Touting the success of its pilot car-booting program, the city announced last week that it will go citywide by the end of July.
The pilot program, which began in Brooklyn last June, has resulted in 4,200 cars booted and the collection of $55 million in fees and fines, according to New York Department of Finance Commissioner David Frankel.
"Our goal is to recoup the debt that's owed the city, and booting has proven that motorists don't have to be needlessly inconvenienced in order to pay what they owe and get back on the road," he said.
Prior to implementation of the booting program, if vehicle owners exceeded the "scofflaw" threshold of $350 in parking judgment debt — including parking, red light camera or bus lane violation tickets — their car was towed. Drivers had to spend the better part of their day traveling to a City Marshal's Office or a Department of Finance Business Center to pay their debt, then tracking their car to a tow pound — most of which are inaccessible to mass transit and open only during business hours. Instead, under the booting program, the car is not moved, the motorist can call a 24/7 phone number and speak to a live person to settle their debt and fees. The boot is unlocked by entering a code given to the driver after the fees are paid. The driver then has to return the boot to the city.
The whole process from picking up the phone to releasing the boot takes about nine minutes, according to the Commissioner, compared to the many hours it takes to redeem a towed vehicle.
"Booting enables motorists to pay their debts and get their car back on the road much quicker than under the towing program," said Frankel.
New York City Marshals are in favor of the new boot program.
"For the last year, the Sheriff's office has been operating a booting pilot program in certain parts of the city," said City Marshal Association spokesperson Michael Woloz. "Now that the city is moving toward a more permanent program, the Sheriff's office and the Department of Finance have been working closely with New York City Marshals on transitioning their operations from a towing program to a "boot first" program."
He added: "The expansion of the program and the marshals' participation will result in a higher volume of booting in the city where the bright yellow boots will become a more prevalent fixture on city streets — at least until the vehicle owner's fines are paid or the vehicle is towed. This is a change for New York and we are ready for the change. We are hoping to be integrated into the program shortly."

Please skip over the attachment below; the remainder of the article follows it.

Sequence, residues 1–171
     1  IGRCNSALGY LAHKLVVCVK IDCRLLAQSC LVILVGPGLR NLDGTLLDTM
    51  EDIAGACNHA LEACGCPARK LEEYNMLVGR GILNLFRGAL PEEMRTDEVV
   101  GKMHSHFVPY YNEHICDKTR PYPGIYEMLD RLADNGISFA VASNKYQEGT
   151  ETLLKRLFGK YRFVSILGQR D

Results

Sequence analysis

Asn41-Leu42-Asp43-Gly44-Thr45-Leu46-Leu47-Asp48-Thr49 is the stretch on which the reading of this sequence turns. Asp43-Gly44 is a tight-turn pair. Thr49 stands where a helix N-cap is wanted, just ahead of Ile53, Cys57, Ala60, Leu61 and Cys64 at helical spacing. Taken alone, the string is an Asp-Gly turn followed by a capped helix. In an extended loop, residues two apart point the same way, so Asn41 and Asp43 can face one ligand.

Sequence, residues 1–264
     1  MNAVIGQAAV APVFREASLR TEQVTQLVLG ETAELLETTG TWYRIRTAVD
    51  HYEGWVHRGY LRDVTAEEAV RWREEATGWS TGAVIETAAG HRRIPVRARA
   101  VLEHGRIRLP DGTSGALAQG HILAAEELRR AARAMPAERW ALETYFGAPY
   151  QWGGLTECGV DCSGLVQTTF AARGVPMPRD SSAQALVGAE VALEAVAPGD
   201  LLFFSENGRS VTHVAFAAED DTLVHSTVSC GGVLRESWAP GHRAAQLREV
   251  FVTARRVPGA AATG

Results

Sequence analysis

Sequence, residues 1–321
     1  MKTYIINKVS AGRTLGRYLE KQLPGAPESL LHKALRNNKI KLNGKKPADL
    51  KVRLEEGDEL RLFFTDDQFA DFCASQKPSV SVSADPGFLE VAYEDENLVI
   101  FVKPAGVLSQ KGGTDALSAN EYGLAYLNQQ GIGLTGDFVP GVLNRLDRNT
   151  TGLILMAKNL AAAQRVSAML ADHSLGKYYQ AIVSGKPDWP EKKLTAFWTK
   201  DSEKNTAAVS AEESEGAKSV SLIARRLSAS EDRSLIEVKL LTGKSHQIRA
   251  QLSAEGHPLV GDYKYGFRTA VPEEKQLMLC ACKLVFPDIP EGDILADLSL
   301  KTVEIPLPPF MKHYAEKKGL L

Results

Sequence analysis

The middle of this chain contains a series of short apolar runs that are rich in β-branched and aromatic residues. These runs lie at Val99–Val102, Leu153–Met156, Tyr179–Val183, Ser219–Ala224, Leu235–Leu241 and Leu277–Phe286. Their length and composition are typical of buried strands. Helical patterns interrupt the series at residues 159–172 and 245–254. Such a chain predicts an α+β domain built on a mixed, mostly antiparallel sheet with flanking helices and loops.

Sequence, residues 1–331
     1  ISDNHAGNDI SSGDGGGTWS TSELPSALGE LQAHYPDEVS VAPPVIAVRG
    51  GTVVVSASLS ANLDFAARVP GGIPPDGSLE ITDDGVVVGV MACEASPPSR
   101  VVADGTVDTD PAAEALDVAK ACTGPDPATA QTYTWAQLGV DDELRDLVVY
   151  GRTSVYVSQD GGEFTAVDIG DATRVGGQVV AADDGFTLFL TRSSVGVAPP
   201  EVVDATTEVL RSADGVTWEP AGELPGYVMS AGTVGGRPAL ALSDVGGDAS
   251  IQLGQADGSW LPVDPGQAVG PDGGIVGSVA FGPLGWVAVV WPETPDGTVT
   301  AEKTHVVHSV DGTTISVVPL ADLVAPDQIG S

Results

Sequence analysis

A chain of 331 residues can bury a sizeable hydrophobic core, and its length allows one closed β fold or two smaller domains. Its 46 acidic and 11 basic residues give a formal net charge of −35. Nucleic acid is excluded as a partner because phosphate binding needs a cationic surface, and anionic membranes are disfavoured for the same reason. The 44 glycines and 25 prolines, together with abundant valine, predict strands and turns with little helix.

The American Automobile Association of New York supports the program.
"The booting program will make it easier for the unfortunate scofflaw to regain use of their vehicle and should save the city the expense of towing and storing vehicles for those who pay up quickly. We do worry about booted vehicles blocking street cleaners, leading to dirtier streets, and, in the process, racking up even more violations," said Robert Sinclair Jr., manager of media relations for the AAA of New York.
However, some are not so sure about the program.
"While I have concerns with the Booting Program, such as whether it's being implemented as a revenue raising measure or to facilitate actual crackdowns on violators, I believe we will have to keep an eye on the program so that it does not wrongly negatively impact law abiding residents," said state Sen. Joe Addabbo Jr. (D-Howard Beach).
Assemblyman Phil Goldfeder (D-Rockaway Park) also had some reservations.
"As technology evolves, we are able to ease many of the problems that have always plagued us, including penalties and punishments for scofflaws," said Goldfeder. "This new system will allow motorists to instantly pay the fine, remove the boot and go about their business. There are still flaws with the program that must be addressed and I will work with the city to ensure that it runs as smoothly as possible."
A car can still be towed for many traffic violations, including blocking a fire hydrant. The car can still be towed if the boot is not removed within 48 hours with additional penalities.
The cost for a boot is expensive. In addition to the cost of the tickets, there's a $180 boot fee, a $70 Sheriff execution fee and a 5 percent surcharge on the total bill, plus a fee if the boot is not returned on time.